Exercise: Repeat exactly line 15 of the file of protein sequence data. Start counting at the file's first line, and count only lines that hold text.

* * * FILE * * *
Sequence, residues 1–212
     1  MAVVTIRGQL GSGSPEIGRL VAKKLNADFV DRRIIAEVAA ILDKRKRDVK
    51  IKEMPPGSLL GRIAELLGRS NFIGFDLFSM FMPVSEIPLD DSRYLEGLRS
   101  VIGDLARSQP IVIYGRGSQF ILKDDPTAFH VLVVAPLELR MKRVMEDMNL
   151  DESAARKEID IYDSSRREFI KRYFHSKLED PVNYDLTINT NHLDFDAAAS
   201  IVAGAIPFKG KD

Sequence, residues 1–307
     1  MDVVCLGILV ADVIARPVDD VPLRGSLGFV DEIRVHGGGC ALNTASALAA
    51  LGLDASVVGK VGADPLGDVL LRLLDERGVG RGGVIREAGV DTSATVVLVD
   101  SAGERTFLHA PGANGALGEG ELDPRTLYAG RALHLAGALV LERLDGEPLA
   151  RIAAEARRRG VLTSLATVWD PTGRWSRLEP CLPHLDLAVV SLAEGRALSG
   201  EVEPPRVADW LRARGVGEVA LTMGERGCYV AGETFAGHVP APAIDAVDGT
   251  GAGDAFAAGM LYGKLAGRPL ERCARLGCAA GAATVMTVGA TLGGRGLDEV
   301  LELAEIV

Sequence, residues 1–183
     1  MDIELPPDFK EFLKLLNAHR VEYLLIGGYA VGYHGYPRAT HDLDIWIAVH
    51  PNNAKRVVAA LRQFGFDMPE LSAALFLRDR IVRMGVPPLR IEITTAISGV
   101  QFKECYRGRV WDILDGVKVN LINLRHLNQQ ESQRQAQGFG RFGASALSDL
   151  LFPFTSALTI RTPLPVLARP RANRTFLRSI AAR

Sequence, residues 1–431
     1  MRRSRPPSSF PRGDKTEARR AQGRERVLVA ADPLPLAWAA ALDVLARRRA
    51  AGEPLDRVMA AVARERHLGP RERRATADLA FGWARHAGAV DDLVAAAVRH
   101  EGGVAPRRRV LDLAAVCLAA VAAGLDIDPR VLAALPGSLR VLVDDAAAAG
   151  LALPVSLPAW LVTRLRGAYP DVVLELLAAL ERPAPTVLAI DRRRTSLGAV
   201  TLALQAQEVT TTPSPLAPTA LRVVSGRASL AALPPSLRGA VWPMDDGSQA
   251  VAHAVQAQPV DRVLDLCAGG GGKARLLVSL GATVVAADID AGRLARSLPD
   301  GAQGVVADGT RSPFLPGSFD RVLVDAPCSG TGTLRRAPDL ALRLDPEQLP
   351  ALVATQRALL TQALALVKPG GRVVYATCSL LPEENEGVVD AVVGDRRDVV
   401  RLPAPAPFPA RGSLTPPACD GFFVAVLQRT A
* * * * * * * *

Sequence, residues 1–183